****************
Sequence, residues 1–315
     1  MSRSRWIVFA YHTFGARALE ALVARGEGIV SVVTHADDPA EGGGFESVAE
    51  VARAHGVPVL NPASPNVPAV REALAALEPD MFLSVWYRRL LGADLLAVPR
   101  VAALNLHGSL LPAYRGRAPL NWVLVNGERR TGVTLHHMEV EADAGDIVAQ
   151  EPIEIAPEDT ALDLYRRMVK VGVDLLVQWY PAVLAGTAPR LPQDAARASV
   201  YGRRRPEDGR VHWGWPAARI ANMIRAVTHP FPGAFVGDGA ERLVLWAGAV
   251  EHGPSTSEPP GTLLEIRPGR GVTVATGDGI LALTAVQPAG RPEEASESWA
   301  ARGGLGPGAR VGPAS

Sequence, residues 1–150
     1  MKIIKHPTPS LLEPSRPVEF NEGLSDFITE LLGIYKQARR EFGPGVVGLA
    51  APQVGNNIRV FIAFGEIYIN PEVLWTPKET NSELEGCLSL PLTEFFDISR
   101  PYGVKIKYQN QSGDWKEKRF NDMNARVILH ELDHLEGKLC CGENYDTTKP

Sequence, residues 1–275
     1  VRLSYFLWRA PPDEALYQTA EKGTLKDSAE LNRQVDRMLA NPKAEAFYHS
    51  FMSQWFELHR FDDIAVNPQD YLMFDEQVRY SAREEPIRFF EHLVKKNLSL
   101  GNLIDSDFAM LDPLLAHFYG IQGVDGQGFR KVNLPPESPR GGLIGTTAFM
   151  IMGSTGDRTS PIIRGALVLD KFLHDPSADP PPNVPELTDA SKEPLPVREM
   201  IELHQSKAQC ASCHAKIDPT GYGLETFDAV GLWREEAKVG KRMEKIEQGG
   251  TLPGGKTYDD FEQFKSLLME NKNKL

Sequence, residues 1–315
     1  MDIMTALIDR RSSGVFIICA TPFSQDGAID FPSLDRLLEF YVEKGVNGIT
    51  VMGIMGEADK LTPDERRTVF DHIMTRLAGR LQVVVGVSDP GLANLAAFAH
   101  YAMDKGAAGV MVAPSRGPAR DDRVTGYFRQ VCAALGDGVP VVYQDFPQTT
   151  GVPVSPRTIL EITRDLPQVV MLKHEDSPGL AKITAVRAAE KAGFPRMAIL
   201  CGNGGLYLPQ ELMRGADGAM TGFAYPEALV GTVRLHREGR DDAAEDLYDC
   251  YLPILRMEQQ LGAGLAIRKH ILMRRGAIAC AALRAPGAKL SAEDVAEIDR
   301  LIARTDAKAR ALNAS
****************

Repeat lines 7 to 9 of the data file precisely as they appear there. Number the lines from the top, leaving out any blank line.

   251  EHGPSTSEPP GTLLEIRPGR GVTVATGDGI LALTAVQPAG RPEEASESWA
   301  ARGGLGPGAR VGPAS

Sequence, residues 1–150